‘It’s a scare tactic': Sports leagues take aim at highlight GIFs
Call it GIFmageddon if you must. Twitter’s GIF takedown may have targeted just SBNation and Deadspin, but it’s likely to force every sports site to think twice before using Twitter to post clips of big games.
Twitter suspended the high-profile accounts for a few hours after multiple copyright claims from the NFL, Big 12 and Southeastern Conference Sports, which said that the sites’ GIF usage ran afoul of copyright law.
“It’s obvious that the legal enforcement is not the actual end here. It’s all a scare tactic to get people in line,” said David Katz, CEO of sports site ThePostGame. “This kind of thing sends a message, but I’m not sure it’s a long-term solution.”
Sports sites have long been drawn to GIFs and, increasingly, to Vine videos to capture and share key in-game moments. GIFs, in particular, are both easy to make, short and sharable, which explains their ubiquity on Facebook and Twitter, both of which are becoming video-first platforms. And while many GIFs arguably err on the wrong side of copyright law, they’re unevenly policed.
Deadspin, in particular, isn’t new to takedown requests for GIFs. Former Deadspin editor-in-chief Tommy Craggs said last year that the site got at least one NFL takedown request a week during the football seasons, but that didn’t cause Deadspin to overhaul how it handled the matter. Tim Marchman, Deadspin’s current editor, declined to comment on how Twitter’s takedown will affect the site’s GIF usage down the line.
While the suspensions of the sports sites’ accounts rankled many observers, the move was in line with Twitter’s terms of service, which says that the company reserves the right to remove “content alleged to be infringing without prior notice, at our sole discretion.” Likewise, if a “user is determined to be a repeat infringer,” Twitter also reserves the right to terminate that person’s account, the company said.
Other publishers say they won’t let Twitter’s takedowns scare them off.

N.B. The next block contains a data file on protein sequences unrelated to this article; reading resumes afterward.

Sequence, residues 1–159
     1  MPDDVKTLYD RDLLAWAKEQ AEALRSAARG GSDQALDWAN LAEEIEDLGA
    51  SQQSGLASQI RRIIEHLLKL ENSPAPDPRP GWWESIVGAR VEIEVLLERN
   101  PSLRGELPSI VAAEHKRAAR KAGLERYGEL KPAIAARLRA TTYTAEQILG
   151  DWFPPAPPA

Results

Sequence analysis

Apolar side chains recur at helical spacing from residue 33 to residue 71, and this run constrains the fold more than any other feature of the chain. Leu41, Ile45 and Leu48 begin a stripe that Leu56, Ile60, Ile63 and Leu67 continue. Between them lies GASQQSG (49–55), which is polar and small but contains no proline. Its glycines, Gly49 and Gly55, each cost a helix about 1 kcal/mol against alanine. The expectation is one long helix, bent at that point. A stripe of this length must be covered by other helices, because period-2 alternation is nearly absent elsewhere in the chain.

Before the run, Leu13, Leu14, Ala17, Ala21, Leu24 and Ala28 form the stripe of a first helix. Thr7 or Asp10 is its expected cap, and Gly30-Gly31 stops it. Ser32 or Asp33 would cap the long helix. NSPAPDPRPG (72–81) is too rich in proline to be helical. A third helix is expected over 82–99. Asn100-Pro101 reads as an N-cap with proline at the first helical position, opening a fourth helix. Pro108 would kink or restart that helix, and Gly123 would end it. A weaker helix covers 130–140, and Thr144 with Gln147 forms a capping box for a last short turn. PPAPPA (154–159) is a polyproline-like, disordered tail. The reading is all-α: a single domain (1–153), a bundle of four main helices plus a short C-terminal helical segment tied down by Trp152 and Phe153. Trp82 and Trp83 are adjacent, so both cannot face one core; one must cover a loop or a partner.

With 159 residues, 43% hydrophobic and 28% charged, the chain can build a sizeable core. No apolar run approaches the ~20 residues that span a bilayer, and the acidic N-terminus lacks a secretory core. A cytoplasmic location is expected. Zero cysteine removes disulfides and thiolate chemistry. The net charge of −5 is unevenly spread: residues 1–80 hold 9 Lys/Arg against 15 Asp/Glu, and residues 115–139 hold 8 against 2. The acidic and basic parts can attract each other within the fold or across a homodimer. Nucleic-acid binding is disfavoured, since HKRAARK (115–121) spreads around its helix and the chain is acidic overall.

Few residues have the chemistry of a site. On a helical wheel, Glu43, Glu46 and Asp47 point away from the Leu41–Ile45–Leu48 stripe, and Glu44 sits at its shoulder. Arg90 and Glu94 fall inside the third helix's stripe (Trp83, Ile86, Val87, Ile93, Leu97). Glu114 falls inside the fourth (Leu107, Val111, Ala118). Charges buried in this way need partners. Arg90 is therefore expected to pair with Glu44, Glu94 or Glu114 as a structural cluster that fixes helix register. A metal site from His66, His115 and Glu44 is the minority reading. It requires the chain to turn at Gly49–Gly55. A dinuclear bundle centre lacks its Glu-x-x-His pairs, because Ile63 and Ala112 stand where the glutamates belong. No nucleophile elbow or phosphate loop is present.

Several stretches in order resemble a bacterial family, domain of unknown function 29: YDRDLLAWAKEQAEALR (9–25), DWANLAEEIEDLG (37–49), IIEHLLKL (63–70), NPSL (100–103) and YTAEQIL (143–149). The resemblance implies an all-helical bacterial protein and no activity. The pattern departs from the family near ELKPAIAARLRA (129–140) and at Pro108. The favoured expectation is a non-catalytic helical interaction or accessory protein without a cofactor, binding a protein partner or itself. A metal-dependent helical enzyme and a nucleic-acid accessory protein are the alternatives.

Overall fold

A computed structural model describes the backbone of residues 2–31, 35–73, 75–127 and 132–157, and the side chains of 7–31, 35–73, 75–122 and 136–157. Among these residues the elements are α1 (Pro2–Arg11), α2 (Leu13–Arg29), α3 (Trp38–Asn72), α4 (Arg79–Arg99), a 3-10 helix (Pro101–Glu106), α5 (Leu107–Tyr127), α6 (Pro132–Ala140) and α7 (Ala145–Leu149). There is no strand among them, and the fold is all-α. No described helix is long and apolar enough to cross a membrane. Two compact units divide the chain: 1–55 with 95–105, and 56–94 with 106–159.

“We don’t see any significant change in the landscape,” said Benjie Levy, president of sports app maker theScore. “News outlets that are actively posting content to social media will continue to provide the most relevant and engaging content for their audience within the boundaries of fair use.”
Publishers have long used the vague idea of “fair use” to defend their use of sports highlight GIFs, which they claim are fair game if the clips are short and don’t substitute for watching the games they’re drawn from. The problem is that fair use is still murky on the Web, particularly with GIFs, which is why there are so many opinions on whether Deadspin’s and SBNation’s Twitter tactics are legally defensible. The Post’s Game’s Katz said that the legality of reposting sports-highlight GIFs has always been “legally gray,” which is why ThePostGame has avoided using them both on Twitter and its own sites.
Twitter’s crusade against sports GIFs comes as the site continues to cozy up to sports leagues, particularly the NFL. In August, the NFL signed a deal that will bring more football highlights to Twitter over the next two years. Twitter is also selling ads against the NFL clips, which raises the stakes for how it handles unauthorized reproductions on its platform.
“A lot of this feels like Twitter trying to protect elements of its partnerships,” said one publishing executive, who declined to speak on the record.
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